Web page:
Queer Sexuality: An Identity Is Not An Invitation To Ask Questions

People are curious. This is not a bad thing. It’s natural to want to learn more and try to understand other people’s perspectives. However, it’s important to keep in mind that you can learn while still respecting people’s boundaries and dignities. Invading someone’s privacy for the sake of curiosity is disrespectful. After I came out as gay, people got braver in their questions. When it was assumed that I was straight, no one asked me about my sexual preferences or my sexual history. Now that they know that I’m gay, people feel entitled to ask for details about my sexuality. When you’re straight, your sexuality is mostly your own. It isn’t up for public debate. No one questions it. Nobody asks, “when did you first know you were heterosexual?” or “when did you first realize you were sexually attracted to the opposite sex?”

There’s a certain fascination that straight people have with people’s coming out stories. They’ll ask questions like, “do your parents accept you,” or “how long have you known?” While they might be coming from a good place, fielding questions like these aren’t necessarily on the list of things I want to do daily. Knowing that someone may have endured hardship or difficulty as a result of their minority status isn’t an invitation to ask about it.

I’ve been asked if I’m a “gold star lesbian.” This term is used to describe a lesbian that has never had sex with men before. The term itself is almost used as a way to shame people that followed the heterosexual social script before they understood or accepted their identity. Having a history of having sex with the opposite sex when you’re gay is nothing to be ashamed of. And it certainly isn’t a question that we should have to answer. Your sexual history and experiences are not up for public consumption for the sake of “learning” or “understanding.”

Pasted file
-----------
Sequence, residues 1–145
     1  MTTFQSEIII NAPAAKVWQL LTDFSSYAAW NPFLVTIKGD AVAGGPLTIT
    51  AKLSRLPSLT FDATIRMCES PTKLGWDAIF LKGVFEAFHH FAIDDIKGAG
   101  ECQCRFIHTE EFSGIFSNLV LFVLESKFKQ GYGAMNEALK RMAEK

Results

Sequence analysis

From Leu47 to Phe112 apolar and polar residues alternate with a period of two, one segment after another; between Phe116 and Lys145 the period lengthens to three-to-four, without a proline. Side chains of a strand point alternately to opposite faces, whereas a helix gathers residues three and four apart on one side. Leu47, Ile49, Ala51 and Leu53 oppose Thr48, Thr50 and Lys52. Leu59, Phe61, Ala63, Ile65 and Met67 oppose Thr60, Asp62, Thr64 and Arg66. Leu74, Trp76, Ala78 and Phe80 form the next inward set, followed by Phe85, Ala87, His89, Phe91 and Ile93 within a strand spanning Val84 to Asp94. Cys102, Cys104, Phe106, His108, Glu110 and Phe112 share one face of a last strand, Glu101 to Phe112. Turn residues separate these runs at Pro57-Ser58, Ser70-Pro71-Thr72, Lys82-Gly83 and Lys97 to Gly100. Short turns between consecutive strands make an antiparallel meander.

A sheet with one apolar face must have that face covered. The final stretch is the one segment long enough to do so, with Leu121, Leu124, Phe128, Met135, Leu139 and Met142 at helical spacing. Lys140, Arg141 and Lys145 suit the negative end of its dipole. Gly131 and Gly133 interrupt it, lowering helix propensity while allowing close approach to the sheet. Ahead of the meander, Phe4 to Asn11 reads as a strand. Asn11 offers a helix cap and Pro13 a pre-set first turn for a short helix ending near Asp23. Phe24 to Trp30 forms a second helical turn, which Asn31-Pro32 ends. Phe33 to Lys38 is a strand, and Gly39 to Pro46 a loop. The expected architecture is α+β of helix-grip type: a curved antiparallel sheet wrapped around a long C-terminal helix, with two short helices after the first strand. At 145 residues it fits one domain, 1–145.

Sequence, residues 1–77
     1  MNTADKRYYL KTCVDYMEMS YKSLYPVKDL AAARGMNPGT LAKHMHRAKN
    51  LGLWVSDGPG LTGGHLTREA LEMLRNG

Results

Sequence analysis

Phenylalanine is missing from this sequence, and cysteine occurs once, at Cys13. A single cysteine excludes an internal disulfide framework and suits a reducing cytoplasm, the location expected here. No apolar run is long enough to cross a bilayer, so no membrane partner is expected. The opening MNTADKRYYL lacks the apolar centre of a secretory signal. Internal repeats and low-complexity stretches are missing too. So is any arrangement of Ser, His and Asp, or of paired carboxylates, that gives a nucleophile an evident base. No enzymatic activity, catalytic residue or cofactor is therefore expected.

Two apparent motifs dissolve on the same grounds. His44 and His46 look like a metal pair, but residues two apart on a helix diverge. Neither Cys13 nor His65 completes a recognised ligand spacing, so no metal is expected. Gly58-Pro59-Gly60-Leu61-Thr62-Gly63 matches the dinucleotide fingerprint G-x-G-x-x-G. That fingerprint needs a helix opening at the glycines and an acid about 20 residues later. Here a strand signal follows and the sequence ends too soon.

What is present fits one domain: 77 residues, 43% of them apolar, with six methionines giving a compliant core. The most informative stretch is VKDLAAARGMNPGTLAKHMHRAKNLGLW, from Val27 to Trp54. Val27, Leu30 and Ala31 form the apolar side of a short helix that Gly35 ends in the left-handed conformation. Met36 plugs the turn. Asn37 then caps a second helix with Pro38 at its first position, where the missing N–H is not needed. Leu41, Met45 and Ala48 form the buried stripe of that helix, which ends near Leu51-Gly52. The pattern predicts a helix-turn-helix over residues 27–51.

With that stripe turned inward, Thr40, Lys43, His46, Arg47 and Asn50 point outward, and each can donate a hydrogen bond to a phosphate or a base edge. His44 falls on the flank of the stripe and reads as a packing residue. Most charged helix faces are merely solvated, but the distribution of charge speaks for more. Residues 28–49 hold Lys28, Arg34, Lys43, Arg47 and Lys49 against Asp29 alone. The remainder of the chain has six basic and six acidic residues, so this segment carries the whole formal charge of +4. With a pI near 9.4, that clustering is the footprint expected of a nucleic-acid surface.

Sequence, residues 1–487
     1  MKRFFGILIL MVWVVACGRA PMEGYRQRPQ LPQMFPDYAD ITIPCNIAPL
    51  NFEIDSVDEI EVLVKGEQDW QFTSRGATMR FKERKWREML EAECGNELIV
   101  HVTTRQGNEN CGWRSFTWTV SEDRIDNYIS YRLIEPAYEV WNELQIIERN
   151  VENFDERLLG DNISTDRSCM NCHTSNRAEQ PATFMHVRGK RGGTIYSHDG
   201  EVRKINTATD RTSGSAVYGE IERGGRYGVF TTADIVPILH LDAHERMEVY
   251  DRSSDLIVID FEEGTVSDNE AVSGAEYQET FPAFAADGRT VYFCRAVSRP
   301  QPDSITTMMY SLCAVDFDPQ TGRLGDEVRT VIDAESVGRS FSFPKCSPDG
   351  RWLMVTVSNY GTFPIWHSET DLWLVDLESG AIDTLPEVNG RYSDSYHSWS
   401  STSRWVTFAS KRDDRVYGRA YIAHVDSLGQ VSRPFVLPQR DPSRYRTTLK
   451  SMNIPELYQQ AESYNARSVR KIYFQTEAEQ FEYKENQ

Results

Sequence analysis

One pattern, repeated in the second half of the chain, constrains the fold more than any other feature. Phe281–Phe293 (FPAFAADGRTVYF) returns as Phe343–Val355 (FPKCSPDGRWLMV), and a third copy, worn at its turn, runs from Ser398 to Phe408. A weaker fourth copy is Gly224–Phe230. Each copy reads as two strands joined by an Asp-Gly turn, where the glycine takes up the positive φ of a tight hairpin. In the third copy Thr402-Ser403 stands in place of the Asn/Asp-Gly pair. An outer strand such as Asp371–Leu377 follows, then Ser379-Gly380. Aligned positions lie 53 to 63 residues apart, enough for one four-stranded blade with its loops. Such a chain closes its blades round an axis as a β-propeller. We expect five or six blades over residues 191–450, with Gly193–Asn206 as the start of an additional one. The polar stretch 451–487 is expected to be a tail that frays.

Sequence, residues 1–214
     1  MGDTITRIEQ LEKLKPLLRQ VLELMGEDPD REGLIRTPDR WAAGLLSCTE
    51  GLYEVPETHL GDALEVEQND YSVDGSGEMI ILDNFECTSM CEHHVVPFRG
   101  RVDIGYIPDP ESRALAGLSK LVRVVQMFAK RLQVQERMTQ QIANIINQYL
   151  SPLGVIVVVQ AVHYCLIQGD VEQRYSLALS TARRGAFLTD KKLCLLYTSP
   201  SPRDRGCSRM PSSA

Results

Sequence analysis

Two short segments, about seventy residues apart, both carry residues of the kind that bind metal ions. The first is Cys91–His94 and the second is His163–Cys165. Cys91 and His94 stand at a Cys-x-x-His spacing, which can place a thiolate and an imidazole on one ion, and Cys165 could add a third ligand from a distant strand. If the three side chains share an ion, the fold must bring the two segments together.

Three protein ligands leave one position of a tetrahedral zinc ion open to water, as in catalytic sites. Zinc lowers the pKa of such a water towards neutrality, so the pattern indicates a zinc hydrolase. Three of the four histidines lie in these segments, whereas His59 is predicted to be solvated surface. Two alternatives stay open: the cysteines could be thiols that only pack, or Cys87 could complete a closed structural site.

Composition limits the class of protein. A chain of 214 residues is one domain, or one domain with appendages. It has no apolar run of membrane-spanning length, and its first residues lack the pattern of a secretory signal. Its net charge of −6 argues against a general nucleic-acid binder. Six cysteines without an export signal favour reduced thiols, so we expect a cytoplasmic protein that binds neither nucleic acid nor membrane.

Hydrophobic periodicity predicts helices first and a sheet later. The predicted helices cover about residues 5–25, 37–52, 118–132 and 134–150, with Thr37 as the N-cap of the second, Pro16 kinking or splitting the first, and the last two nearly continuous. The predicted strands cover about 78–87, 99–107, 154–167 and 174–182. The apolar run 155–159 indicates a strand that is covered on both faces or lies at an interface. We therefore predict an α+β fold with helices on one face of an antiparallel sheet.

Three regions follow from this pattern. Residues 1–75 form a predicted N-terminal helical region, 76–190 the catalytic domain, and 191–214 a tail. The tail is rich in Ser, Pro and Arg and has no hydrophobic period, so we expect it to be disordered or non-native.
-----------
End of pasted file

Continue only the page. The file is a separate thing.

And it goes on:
Some people are more than willing to be open about talking about their sexuality, identity, and sexual history. But you shouldn’t assume that just because someone is gay that it is immediately okay to dive into their sexuality, especially if you do not know them that well.

Asking questions about someone’s sexuality or experiences with their orientation is okay at times. If you’re close with someone, and you know that they want to talk about it and be open about their experiences with you, questions are okay. But if you’re assuming that we want to share our life story about our journey to acceptance with every person we meet, you might want to reevaluate acting on your curiosity. There are plenty of resources out there if you truly are interested in understanding our community; there are memoirs, YouTube videos, and novels. There are more resources than that one lesbian you met at a dinner party.

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